Change in my lifetime

I was taken by Jim Belshaw’s recent post A certain weariness of the spirit.

The second is just accommodating to the pace of change. I was born at the end of the war. I have been though the fifties, sixties, seventies, eighties, nineties and now into the 2000s. Institution after institution, belief after belief, new vision after new vision, has been discredited and replaced.

Mind you, when it comes to teaching/education I am perhaps even more frustrated by the phenomenon of the same often silly arguments recurring decade after decade — the teaching of reading being just one example. But that is not my point today.

This intrigued me: As the apartment boom peaks, these are Australia’s most densely populated suburbs. (Link fixed!) Now for context, bear in mind that Australia at large has a population density of just 3.5 per square kilometre. When it comes to cities compare Shanghai with 2,059, or Singapore with 7,909. And here are the most densely populated incorporated places in the United States. New York City has 10,431.

So look at these, from the article linked above, where they are interactive:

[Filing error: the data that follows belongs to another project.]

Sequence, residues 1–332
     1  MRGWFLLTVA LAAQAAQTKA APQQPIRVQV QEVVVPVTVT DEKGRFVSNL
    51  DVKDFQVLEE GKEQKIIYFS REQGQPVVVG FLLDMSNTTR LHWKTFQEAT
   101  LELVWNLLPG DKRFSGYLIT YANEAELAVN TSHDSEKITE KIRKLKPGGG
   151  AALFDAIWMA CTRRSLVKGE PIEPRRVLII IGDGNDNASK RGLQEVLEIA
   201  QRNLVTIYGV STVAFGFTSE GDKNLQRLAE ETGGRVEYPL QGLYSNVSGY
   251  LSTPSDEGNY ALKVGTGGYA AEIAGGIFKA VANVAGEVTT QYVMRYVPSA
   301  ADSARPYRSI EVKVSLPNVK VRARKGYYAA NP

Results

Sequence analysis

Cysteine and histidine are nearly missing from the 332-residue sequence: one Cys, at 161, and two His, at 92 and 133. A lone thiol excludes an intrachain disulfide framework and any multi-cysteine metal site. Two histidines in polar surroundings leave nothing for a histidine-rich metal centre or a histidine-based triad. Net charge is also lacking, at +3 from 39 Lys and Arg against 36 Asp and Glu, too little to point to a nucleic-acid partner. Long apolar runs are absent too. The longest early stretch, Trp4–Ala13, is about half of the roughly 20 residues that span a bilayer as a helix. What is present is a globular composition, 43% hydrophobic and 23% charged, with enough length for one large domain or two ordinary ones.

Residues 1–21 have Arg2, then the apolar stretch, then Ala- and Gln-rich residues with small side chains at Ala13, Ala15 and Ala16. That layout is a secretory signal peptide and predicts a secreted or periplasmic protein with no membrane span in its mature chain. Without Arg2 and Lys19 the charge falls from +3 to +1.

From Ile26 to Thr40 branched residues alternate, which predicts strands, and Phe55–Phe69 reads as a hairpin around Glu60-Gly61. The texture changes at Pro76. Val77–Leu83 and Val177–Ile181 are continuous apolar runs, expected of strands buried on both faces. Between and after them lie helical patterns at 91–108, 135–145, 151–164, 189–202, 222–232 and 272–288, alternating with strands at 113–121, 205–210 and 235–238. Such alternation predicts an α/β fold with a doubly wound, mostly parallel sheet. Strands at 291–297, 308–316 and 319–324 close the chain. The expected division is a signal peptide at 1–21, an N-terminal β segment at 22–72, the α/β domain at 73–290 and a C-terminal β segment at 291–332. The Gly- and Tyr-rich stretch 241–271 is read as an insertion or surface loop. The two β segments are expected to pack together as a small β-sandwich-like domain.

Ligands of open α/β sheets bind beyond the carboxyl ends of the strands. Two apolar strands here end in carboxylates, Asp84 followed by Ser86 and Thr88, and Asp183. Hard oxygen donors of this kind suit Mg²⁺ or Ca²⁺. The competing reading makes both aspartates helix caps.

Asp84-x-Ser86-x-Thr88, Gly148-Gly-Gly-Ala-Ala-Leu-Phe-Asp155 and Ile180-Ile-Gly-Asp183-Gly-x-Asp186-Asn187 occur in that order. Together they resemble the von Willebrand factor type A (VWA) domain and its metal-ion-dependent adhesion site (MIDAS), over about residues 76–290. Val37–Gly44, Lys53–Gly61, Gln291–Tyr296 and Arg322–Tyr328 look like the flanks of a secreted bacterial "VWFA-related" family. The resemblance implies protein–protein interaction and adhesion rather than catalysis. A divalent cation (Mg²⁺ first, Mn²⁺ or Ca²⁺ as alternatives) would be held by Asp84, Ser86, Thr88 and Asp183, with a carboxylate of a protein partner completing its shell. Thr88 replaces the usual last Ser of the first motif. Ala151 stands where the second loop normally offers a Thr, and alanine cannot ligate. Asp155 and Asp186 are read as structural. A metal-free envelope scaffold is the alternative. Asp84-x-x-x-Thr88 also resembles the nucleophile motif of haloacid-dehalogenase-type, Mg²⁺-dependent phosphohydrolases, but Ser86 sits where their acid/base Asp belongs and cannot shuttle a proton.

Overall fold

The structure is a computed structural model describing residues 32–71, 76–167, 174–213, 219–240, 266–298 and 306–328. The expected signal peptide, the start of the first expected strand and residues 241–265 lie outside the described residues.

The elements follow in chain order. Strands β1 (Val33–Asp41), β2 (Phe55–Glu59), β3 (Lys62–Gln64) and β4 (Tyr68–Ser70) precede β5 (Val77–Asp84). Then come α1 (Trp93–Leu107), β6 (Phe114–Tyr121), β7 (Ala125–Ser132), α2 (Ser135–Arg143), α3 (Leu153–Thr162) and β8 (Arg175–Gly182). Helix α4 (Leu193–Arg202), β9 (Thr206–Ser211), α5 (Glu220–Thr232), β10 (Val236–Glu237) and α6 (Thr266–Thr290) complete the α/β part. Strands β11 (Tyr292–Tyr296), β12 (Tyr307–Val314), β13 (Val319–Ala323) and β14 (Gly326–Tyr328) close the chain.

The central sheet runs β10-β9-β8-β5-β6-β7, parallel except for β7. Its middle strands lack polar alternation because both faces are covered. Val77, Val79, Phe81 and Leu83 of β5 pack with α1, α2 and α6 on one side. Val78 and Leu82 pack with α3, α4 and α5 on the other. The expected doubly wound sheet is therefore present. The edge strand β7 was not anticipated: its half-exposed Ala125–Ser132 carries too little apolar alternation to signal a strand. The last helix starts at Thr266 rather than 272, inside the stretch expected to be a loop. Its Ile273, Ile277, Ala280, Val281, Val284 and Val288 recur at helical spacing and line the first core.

Screenshot (191)Screenshot (190)Screenshot (189)

The figure for Melbourne CBD is amazing! Those recent changes are just one element in the changes over my lifetime, but somehow these days I seem more sensitised to it. The Sydney of my mind these days seems more and more to be this one:


That’s Eddy Avenue, Central Station, in 1956. I was 13 then… Remember it well. Don’t know what the population density was then, but the total for Greater Sydney was 1,902,000 and for all Australia 9,425,563. You might recall that in August/September this year we hit 25,000,000.

Now that opens up a possible discussion of population in Australia — very much a live issue at the moment too. But I will pass on that right now, except to say 1) I feel the changes, for good and ill and 2) with old age comes nostalgia. And I know that can be a deceptive feeling.

And back to Eddy Avenue. That perfectly good tram line was dug up in the 1960s. Now, way over time and way over budget, a new tramline is appearing in that right-hand lane!